If you value cash in your pocket and plan on going to an ATM three or four times a week to make a withdraw from your account, then don’t get a debit card (even though many would list this flexibility to access cash as a positive for debit cards). In the end, you will be feeing yourself to death at the ATM machine with so many cash withdrawals. (Yes, most ATMs charge fees to access cash.)

If you value building reward points for travel then debit cards are not for you. Debit cards typically don’t offer those programs like credit cards do.

If you value building your credit score for future loans then don’t use a debit card. Debit cards don’t help you build credit – that only comes through the paying off of credit card and other debt. Building credit is not especially valuable to me because I’m almost completely debt free and won’t be taking out personal loans for any purchases in the future.

If you are having trouble controlling your spending and want to create some discipline in your life, debit cards (or cash) are the way to go. You will find it easier to spend less and save more.

And that’s going to feel like a really good raise.

Questions: Why have you chosen to use either a debit or credit card? What other advantages of a debit card can you think of? Have credit cards hurt or helped you manage money? Do you know of any debit card reward programs?…I’d love to hear one.

Image at FreeDigitalPhotos.net

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Comments

  1. Ryan @ Impersonal Finance says:

    When we started paying off our cards, we stopped using them. We use a debit card pretty much exclusively. All the “experts” recommend cash, but we find it’s easier to track our spending with a debit card, and we are actually less likely to spend with it than if we have some cash in our pockets. But, I use to be in a bad way with those overdraft fees, so it’s only now that I’m able to state with confidence a debit card is for us.

  2. This is such a personal preference. I am far more likely to enjoy using a credit card than a debit

  3. I used to alternate between using my debit or credit card. Now that I’m trying to get as many points as possible, I use my credit card. When I used my debit I always selected the credit option, though. My boyfriend uses his debit card exclusively (mostly because he is too lazy to sign up for a credit card), and always selects the PIN option. He’s only had one instance where his bank had to send him a new card. I do like that debit transactions are counted right away, and I always made sure I had enough in my bank to cover a purchase.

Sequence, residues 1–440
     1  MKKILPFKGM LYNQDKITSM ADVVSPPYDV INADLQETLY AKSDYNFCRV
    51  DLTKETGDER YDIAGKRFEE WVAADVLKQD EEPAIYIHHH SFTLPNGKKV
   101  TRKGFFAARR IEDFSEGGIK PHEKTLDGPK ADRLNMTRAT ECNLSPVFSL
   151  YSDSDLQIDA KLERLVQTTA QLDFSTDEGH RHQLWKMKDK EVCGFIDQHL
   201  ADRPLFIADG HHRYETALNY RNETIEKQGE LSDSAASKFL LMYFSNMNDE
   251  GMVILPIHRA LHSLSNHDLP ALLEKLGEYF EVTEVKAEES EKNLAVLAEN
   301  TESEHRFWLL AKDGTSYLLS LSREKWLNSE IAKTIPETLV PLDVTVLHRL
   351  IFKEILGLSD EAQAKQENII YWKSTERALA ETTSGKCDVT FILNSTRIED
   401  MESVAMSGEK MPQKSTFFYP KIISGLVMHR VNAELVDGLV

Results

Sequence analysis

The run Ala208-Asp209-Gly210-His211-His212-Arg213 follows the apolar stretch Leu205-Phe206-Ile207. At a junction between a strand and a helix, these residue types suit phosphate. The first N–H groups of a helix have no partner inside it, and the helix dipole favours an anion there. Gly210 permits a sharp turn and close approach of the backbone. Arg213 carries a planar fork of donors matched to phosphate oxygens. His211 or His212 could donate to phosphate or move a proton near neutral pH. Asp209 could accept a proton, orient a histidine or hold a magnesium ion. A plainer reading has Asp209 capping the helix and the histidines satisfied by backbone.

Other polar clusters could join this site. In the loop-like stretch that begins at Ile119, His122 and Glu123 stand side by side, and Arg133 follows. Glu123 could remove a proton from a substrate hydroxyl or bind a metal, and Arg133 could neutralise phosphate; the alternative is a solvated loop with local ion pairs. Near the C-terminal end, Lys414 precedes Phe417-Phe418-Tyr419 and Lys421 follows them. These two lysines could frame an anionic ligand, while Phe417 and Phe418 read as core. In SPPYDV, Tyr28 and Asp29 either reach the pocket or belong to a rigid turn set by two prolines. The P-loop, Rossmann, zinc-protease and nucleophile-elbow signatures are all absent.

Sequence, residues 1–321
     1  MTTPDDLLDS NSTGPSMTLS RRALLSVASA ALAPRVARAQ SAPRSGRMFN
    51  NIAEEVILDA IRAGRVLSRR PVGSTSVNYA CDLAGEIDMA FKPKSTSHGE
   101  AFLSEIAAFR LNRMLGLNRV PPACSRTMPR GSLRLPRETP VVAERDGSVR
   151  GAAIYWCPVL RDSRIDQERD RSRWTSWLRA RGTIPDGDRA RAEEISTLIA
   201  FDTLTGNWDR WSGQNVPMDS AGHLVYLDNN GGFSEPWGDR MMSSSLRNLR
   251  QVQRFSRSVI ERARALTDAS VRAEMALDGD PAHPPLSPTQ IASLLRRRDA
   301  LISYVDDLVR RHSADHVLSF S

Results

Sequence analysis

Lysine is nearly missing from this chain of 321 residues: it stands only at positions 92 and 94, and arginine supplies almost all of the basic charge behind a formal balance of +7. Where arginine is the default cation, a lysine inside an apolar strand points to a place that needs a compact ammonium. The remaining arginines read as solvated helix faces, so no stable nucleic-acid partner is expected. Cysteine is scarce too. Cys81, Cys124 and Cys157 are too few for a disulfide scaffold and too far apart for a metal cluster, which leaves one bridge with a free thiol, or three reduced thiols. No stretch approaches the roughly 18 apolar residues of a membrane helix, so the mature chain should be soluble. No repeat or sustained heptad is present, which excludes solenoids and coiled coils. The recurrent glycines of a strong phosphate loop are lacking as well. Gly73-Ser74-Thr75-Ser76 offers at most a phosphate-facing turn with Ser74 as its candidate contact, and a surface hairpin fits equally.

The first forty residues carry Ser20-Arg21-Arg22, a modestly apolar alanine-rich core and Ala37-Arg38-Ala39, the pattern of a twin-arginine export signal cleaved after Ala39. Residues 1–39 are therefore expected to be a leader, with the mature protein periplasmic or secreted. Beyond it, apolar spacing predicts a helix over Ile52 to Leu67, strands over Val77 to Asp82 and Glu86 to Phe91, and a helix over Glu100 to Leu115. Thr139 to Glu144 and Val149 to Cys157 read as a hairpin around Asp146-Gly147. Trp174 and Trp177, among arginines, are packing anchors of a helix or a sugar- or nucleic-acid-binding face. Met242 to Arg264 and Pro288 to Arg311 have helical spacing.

4. Problem with signing is that some cashiers will ask to see your driver’s license, which has your home (and probably billing) address on it. You don’t want someone to have your card number and the billing address. So I select “debit” and use my PIN.

    • I guess that could be a risk. Rarely does a cashier ask for my driver’s license though. Plus they don’t know the full card number anyway because only the last four digits are visible when the receipt prints. I think the risk is greater in using the PIN. By using the PIN you are not protected under Visa’s Zero Liability Policy. Their own website says so.

  5. Emily @ evolvingPF says:

    I used debit exclusively when I was first starting out because people SCARED me about using credit cards. That was very good training for how we use our credit cards now – we treat like debit (spend money that we already have in the bank, during that budgeted period) and pay them off 2-3 times per month. We enjoy the rewards.

    I think online banking really changed the stereotype that you wrote about. Your credit card spending is not an unknown until the bill comes a month later. To our tracking system, it doesn’t matter what’s spent on debt and what’s spend on credit – a the end of the month, there has to be enough in checking to pay off the cards, and the balances are easy to check along the way.

    • You are right Emily…online banking has changed the way you can track your spending even with credit cards. I think most people though aren’t as diligent with checking their account as you are. When I was having the challenges that forced the switch to debit cards, my spending was a unknown until the bill came because I didn’t look at it. So to be fair, that was probably more a discipline issue than a credit card issue.

  6. Done by Forty says:

    We’ve done both options before. When we started with Dave Ramsey, we went debit only for years. Then, when Perkstreet got rid of their 2% debit option, we went back to credit only…and that’s where we are now. We try to get some of that immediacy that you talk about by paying our credit card bills in full every week, so our checking balance is a truer reflection of how much money we really have (though it’s never really fully accurate, and it necessitates a little math on my part).